Feature: If I were a delegate...

Author: Ebo Kwaitoo

If I were to be among the 120 delegates to decide who becomes the next president of the Ghana Football Association (GFA) on Thursday, I would have an independent mind to put the future of the game above any other consideration.

To wit, I would consider every misfit among the six candidates (I have left Palmer out for now till the CAS ruling) as an insult to my intelligence and also reckon any influence of money for my vote as an insult to my intelligence. I would also see some of the candidates as living in a fantasy world with their lofty promises which they could not gather the courage to defend when it matters most. Simply put, we need a realist to build upon Kwesi Nyantakyi's legacy; not somebody who will merely play to the gallery of hungry friends and cronies!

If I were a delegate, my mind would have been made up by now as to who to vote for per my own persuasions other than any external influence. I would have scanned through the candidates' qualities and manifestos to be able to tell each candidate in the face as to who deserved my vote. Votes go a long way to determine destinies of the present generation and posterity; hence, they cannot be toyed with.

I must confess that I loved the sincerity that was exhibited by Randy Abbey, the bankroller of Division One side, Kpando Heart of Lions, on Joy FM's Sports Link hosted by Nathaniel Attoh last Saturday. As a veteran who was a key member of Nyantakyi's golden era from 2005 to 2010, and also from a spokesman of Accra Hearts of Oak to a financier of a second tier side, Randy's opinion cannot be taken for granted at all.

In plain language, Randy said his preferred candidate was Fred Pappoe (Papsay), who incidentally was Nyantakyi's vice-president during the period when the GFA had the Midas touch. During the first five years of Nyantakyi's administration, everything the FA touched turned into gold, resulting in the nation's first two FIFA World Cup qualifications in Germany and South Africa in 2006 and 2010 respectively, as well as winning Africa's first gold at the FIFA Under-20 World Cup in Egypt in 2009. It was also during the same period that the GFA was inundated with corporate sponsorship like the sand at the seashore.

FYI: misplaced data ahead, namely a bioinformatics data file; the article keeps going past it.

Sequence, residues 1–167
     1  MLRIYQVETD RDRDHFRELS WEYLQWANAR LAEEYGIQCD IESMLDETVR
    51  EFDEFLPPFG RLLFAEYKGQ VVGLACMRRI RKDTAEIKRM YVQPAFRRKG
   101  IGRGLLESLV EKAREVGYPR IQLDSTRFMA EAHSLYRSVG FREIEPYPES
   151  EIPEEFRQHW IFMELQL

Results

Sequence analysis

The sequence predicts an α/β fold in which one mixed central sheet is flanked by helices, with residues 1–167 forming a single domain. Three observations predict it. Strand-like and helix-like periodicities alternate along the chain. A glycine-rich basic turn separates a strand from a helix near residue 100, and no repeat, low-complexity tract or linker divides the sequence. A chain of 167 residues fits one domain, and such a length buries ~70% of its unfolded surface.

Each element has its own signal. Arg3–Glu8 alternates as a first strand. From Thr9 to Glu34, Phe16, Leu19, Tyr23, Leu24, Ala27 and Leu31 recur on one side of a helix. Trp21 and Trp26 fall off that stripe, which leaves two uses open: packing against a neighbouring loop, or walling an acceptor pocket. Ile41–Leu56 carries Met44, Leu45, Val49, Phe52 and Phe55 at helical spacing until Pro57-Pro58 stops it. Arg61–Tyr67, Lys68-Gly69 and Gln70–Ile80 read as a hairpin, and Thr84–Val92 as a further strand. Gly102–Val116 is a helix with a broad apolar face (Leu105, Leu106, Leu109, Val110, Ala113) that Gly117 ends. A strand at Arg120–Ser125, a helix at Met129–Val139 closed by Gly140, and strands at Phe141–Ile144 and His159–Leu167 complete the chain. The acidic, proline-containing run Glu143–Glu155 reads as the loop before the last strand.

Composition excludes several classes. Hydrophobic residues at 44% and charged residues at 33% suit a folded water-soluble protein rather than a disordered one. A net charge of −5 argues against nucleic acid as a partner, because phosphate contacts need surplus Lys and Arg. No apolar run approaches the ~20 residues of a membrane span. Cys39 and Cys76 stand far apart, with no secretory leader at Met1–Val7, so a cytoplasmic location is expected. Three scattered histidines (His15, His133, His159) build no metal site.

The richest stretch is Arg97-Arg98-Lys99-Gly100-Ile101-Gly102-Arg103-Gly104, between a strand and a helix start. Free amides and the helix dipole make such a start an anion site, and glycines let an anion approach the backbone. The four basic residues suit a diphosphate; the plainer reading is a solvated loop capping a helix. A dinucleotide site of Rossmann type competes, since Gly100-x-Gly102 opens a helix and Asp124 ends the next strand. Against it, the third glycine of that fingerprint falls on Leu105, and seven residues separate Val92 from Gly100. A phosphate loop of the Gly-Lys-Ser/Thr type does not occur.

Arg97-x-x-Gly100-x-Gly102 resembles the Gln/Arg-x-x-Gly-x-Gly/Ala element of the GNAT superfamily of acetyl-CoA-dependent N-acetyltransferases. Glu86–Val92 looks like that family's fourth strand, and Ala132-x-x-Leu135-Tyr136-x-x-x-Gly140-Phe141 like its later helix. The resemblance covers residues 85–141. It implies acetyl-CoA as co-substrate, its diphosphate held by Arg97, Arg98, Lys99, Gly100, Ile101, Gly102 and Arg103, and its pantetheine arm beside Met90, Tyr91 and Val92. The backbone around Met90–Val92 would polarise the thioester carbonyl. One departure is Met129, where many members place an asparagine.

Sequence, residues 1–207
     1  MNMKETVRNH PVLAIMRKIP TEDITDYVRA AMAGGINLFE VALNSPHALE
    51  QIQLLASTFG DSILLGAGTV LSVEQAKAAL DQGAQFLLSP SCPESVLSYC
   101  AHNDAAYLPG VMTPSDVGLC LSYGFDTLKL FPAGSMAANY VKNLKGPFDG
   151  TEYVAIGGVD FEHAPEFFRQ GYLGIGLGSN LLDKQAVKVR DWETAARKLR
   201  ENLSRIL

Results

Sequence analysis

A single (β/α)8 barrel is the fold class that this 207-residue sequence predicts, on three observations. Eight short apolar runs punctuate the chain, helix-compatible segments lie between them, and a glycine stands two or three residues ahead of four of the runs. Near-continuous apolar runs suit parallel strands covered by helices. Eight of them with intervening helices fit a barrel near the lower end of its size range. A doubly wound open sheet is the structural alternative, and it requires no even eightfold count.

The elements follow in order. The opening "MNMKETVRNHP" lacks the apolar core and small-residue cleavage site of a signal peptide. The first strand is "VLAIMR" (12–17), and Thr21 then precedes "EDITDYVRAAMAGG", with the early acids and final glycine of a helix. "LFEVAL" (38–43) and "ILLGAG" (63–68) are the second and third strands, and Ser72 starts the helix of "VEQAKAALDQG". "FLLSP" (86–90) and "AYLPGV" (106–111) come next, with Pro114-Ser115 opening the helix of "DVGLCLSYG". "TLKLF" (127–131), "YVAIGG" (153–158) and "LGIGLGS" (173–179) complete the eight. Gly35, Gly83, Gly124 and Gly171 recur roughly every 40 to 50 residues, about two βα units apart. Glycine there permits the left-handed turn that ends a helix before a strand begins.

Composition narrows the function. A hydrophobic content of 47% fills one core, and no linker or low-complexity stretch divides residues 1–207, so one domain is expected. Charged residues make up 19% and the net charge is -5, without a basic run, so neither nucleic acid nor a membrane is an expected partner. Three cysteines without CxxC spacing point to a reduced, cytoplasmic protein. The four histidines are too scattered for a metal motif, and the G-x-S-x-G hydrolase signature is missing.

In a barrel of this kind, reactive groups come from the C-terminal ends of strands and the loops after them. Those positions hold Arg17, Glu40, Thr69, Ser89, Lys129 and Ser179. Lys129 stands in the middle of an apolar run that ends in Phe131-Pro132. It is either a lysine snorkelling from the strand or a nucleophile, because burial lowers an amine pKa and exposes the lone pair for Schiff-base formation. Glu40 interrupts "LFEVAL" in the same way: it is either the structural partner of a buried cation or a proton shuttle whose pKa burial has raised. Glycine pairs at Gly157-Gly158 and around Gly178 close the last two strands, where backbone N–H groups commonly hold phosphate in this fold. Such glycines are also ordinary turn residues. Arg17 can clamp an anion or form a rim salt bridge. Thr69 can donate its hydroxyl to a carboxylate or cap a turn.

Randy made my day simply because he made me to realise that I had a like-minded individual at the top hierarchy of the FA. As an active financier-cum-administrator, he knew who was cut for the job in the supreme interest of investors in the game.

The endorsement of Papsay by Randy gives me a good feeling because I made a similar call in this column a few weeks ago by stating that Pappoe was the most experienced and mature among the candidates as far as the top GFA job was concerned. That is a fact which the other candidates will admit.

Randy also revealed that he tried in vain to convince the old guards among the candidates to come to a consensus and throw their weight behind one candidate because their expertise would be needed at the new Executive Council (ExCo) to advance the cause of Ghana Football. That was the same advise I gave in one of my pieces in the GFA elections series.

Apart from Papsay, another candidate who I believe fits the bill when it comes to the modern trends of the game is Kurt Okraku. I worked closely with Kurt at the FA Cup Committee for almost eight years (from 2010-2018) and can attest to his qualities as a great thinker and an achiever. Beneath that unassuming demeanour is that dexterity that easily turns impossible situations around. Kurt is simply an embodiment of a modern day leader with the charisma to adjust to any given situation.

Though I know this might not go down well with the sympathisers of George Afriyie, I must say that if I were a delegate, my vote would not go to him for various reasons. But in summary, I think he is competing with some top guns in the game who are better than him! Mind you, my relationship with Afriyie dates way back and he will be the best person to school his modern-day disciples.

For the intelligent and affable Nana Yaw Amponsah, he has what it takes to become the FA president in future. Despite his lofty ideas, he does not stand a chance to win this election with history as a guide. The truth is that GFA elections do not favour newcomers!

That is why I don't give a dog's chance to Nana Yaw Amponsah, George Ankoma Mensah and the only female candidate in the race, Amanda Clinton, as neophytes in Ghana Football politics. It is high time their followers told them the truth so they would manage their expectations for now and hope for the future.

Talking about expectations, I would like to advise the front-runners not be overly confident about their chances since anything can happen on the D-day. In this moment of suspense, the dynamics could change if the Court of Arbitration for Sport (CAS) rules in favour of Wilfred Kwaku Osei (Palmer). When that happens, Palmer, who is a formidable force already, could get some sympathy votes to change the face of the elections.

Until we hear from CAS, I can only wish to be a delegate one day!